There are men of war, and then there are men of war. United States General George S Patton was the latter…meaning that he almost lived for war. Patton was a man who came from a long line of military people, and while he wasn’t always a tactful man, he was a great warrior…a fact that he proved over and over again. Many people didn’t like him much, but they couldn’t deny his capabilities. Patton was a great leader, but he wasn’t really a people person, and that got him in some trouble.
George Smith Patton Jr, who was born to George Smith Patton Sr and his wife, Ruth Wilson, the daughter of Benjamin Davis Wilson on November 11, 1885, in San Gabriel, California. Maybe because of his family history, or maybe it was just him, but Patton never seriously considered a career other than the military. At the age of seventeen he tried for an appointment to the United States Military Academy at West Point, New York. He also applied to several universities with Reserve Officer’s Training Corps programs, and was accepted to Princeton College, but eventually decided on Virginia Military Institute (VMI), which his father and grandfather had attended. Later, after studying at West Point, he served as a tank officer in World War I. Patton loved the tank, and his time as a tank officer, as well as his military strategy studies led him to become an advocate of the crucial importance of the tank in future warfare. When the United States entered World War II, Patton became the logical choice for the command of an important US tank division, and his division played a key role in the Allied invasion of French North Africa in 1942. Then, in 1943, in the Allied assault on Sicily, Patton and the US 7th Army in its assault on Sicily and won fame for out-commanding Montgomery during their pincer movement against Messina. Patton loved competition, and this was his chance to shine. On August 17, 1943, Patton and his 7th Army arrived in Messina several hours before British Field Marshal Bernard L Montgomery and his 8th Army, winning the unofficial “Race to Messina” and completing the Allied conquest of Sicily.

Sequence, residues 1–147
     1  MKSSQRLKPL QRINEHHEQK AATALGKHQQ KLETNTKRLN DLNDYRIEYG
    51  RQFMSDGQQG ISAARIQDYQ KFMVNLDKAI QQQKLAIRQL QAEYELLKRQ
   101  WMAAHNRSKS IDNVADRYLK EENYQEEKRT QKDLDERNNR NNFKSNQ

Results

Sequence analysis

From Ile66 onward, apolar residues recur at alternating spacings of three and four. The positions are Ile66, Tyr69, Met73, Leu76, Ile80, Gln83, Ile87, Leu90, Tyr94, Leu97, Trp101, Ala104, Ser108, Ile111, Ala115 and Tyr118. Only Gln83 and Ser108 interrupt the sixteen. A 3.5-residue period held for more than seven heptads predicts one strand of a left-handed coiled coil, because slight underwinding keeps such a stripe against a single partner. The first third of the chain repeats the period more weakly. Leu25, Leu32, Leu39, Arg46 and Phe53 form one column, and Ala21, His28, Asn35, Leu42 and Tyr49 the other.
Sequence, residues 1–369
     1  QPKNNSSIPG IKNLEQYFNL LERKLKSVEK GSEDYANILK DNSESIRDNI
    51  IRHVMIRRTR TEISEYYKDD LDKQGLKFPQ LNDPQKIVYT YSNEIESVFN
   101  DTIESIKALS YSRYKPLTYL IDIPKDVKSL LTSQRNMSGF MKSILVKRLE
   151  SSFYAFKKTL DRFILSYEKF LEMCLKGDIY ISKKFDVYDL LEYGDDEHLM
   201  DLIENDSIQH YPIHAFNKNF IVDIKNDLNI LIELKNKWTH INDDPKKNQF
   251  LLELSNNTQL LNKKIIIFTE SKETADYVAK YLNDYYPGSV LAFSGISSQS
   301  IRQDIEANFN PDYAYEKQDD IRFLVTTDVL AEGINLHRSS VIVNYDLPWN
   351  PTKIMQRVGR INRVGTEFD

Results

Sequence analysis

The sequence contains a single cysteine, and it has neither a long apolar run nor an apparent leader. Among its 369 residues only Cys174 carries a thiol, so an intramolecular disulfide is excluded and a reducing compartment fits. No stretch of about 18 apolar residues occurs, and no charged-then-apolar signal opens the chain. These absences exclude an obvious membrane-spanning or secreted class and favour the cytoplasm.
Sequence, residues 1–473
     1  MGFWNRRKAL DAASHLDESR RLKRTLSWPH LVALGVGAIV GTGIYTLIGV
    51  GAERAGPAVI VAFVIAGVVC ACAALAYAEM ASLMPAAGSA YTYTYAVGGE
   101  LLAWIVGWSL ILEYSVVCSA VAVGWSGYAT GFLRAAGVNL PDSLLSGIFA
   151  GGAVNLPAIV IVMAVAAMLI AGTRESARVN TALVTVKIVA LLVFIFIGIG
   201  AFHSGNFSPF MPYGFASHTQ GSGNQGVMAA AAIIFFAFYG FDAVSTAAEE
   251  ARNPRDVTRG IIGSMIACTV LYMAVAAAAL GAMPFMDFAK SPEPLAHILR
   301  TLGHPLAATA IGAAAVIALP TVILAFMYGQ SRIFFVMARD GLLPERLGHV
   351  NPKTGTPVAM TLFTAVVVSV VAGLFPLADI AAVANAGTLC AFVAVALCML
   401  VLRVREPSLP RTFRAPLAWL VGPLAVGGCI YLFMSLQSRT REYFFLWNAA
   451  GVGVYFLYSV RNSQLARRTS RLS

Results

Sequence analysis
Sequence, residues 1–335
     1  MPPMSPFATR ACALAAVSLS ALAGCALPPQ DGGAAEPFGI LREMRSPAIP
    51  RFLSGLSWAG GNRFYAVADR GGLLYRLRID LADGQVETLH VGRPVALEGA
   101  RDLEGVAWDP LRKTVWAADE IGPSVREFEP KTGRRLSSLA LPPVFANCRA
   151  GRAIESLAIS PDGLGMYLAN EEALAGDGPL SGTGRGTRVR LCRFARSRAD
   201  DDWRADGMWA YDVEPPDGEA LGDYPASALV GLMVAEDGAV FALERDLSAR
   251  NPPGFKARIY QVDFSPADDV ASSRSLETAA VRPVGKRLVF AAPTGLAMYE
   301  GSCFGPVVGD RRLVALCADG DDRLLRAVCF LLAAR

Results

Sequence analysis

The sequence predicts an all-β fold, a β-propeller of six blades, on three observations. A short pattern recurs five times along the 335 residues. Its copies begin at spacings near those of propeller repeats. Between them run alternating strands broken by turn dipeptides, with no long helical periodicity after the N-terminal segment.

Although Patton was one of the most capable American commanders in World War II, he was also one of the most controversial. Patton was a “pull yourself up by your bootstraps” kind of guy, and therefore had no personal understanding of fear or fatigue. PTSD, battle fatigue, or shell shock were conditions he could not accept in anyone. In fact, they infuriated him so much that he actually slapped two soldiers who were suffering with the conditions. During the Sicilian campaign, Patton generated considerable controversy when he accused a hospitalized US soldier suffering from battle fatigue of cowardice and then personally struck him across the face. The famously profane general was forced to issue a public apology and was reprimanded by General Dwight Eisenhower. They would have liked to “walk away” from Patton, but when it came time for the invasion of Western Europe, Eisenhower couldn’t find a general as formidable as Patton, so, once again Patton was granted an important military post. In 1944, Patton commanded the US 3rd Army in the invasion of France. Then, in December of that year Patton’s great expertise in military movement and tank warfare helped to crush the German counteroffensive in the Ardennes.
During one of his many successful campaigns, General Patton was said to have declared, “Compared to war, all other forms of human endeavor shrink to insignificance.” Patton died in a hospital in Germany on December 21, 1945, from injuries sustained in an automobile accident near Mannheim. He was just 60 years old.
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